Posted on April 23, 2019

Suburbanites, Come Back to Baltimore

Anirban Basu, Baltimore Sun, April 22, 2019

This plea is made to the suburbanites among us: If you have disengaged from Baltimore City, please consider re-engaging. My appeal is not based upon vague notions of virtuous acts. I appeal to nothing other than your self-interest.

So many of you tell me that you no longer go to the city. {snip}

Your retort to me might very well be, “If I go to the city, I’m likely to end up at Shock Trauma.”


But like you, I would rather end up at a restaurant with poor food and service than at Shock Trauma. Accordingly, my second rejoinder would be that there are certain parts of the city that are safer than others. {snip}

With that in mind, my third rationale regarding re-engagement is based on the notion that our region’s cultural heritage and greatness are inextricably linked to the city. It is there you will find the Walters Art Gallery, Baltimore Museum of Art, National Aquarium, Maryland Zoo, Visionary Arts Museum, Lyric, Hippodrome, Enoch Pratt Free Library, Baltimore Basilica, Baltimore Symphony Orchestra, Maryland Science Center, Port Discovery, Little Italy, Fells Point, Hampden, Mount Vernon, Harbor East, Johns Hopkins, Fort McHenry, Poe’s resting place, Center Stage, Reginald F. Lewis Museum, the Ravens and the O’s.

Yes, it’s an impressive, albeit partial list. The problem is that without you, the wayward suburbanite, the city cannot recover. In some communities, many of the wealthiest denizens live in the center city. You will observe this in London, New York and elsewhere. Here, wealth is decidedly concentrated in suburbia. The Baltimore region is the 7th most educated as measured by share of population with a college degree and the 5th most affluent in terms of median household income among the nation’s 25 largest metropolitan areas. But while the median household income in suburban Baltimore ranges from nearly $72,000 in Baltimore County to more than $115,000 in Howard County, it’s $46,641 in the city.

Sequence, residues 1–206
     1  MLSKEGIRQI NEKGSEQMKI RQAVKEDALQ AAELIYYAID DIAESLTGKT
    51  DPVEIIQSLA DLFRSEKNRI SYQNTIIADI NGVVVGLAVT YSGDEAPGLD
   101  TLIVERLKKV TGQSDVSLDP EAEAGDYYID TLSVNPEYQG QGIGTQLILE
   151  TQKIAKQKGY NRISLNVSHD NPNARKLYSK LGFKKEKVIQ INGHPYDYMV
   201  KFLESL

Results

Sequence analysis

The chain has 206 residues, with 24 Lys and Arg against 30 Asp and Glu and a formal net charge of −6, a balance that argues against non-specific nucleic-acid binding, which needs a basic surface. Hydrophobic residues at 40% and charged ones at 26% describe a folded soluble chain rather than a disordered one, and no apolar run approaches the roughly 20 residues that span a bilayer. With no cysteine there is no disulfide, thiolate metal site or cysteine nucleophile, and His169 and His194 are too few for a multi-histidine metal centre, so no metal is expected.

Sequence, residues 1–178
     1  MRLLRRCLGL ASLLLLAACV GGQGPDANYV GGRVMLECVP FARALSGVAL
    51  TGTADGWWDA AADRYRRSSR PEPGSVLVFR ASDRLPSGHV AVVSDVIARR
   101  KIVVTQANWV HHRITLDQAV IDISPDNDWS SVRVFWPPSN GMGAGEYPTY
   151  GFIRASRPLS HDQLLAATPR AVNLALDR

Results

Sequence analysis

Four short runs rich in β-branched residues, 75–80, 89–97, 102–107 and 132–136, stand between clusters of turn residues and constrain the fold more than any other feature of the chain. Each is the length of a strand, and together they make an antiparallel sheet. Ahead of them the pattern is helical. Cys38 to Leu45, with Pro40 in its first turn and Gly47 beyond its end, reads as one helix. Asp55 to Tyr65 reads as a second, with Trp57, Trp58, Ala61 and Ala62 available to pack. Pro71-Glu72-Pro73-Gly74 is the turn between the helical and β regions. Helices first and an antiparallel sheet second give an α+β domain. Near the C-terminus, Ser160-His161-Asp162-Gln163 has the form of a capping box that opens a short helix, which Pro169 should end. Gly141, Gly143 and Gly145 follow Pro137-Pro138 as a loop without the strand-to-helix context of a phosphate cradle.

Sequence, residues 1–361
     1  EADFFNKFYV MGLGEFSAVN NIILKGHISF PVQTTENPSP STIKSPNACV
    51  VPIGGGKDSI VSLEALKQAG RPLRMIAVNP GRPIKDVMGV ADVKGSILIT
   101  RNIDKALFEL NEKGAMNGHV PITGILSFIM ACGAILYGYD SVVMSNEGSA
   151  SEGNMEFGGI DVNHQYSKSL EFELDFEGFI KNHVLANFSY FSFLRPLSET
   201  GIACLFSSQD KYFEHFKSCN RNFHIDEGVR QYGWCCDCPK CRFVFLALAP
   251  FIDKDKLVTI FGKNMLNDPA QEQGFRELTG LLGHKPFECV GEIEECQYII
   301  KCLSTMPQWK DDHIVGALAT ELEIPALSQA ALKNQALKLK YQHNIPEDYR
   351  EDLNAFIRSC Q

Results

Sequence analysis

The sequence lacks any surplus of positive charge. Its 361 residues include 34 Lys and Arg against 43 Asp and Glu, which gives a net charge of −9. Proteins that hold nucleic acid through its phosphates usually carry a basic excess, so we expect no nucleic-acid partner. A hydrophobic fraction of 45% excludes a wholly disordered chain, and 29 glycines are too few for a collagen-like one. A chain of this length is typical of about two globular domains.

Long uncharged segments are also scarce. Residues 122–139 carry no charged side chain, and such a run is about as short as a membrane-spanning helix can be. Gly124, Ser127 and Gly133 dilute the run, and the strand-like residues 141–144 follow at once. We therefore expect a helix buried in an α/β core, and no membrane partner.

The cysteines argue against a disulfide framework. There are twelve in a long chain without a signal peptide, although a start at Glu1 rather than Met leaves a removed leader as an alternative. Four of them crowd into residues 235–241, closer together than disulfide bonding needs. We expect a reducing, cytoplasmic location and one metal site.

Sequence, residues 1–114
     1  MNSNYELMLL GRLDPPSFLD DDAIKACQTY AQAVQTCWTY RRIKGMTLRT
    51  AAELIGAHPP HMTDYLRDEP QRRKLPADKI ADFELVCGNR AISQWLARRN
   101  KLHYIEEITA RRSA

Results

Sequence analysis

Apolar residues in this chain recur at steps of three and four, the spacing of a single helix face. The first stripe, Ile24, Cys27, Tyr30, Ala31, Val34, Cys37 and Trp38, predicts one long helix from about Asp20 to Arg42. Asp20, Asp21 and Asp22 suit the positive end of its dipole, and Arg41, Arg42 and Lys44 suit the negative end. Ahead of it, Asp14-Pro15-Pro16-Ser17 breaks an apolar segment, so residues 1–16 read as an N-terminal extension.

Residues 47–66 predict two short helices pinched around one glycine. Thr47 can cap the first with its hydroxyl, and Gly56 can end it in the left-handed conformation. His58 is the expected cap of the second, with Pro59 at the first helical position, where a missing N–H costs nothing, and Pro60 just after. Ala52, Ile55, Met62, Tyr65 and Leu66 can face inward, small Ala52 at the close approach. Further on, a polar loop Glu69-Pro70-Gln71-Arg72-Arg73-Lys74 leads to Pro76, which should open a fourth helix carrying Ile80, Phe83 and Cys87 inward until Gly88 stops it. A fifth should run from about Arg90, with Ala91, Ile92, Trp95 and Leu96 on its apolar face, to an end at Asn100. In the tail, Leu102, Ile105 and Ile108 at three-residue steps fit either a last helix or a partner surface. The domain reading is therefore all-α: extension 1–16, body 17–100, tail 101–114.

Thus, your boycott of the city serves to strangle the institutions that represent the foundation of city life. One day, there will be a great mayor. I understand, it’s been a long time. When that great mayor arrives, he or she will seek to leverage the strength of Baltimore’s institutions into a citywide renaissance. {snip}


If these arguments fall short, perhaps you will consider your home’s value. Baltimore’s woes create issues for the entire region. While outmigration from the city to the suburbs accelerates with crime, grime and poorly performing schools, in-migration to the region slows. The overall effect is to reduce the rate at which your home gains value.


For your own sake, it’s time to go back to the city. There’s more there than violence, corruption, panhandlers and squeegees. See if you can peer through that and find the charm beneath.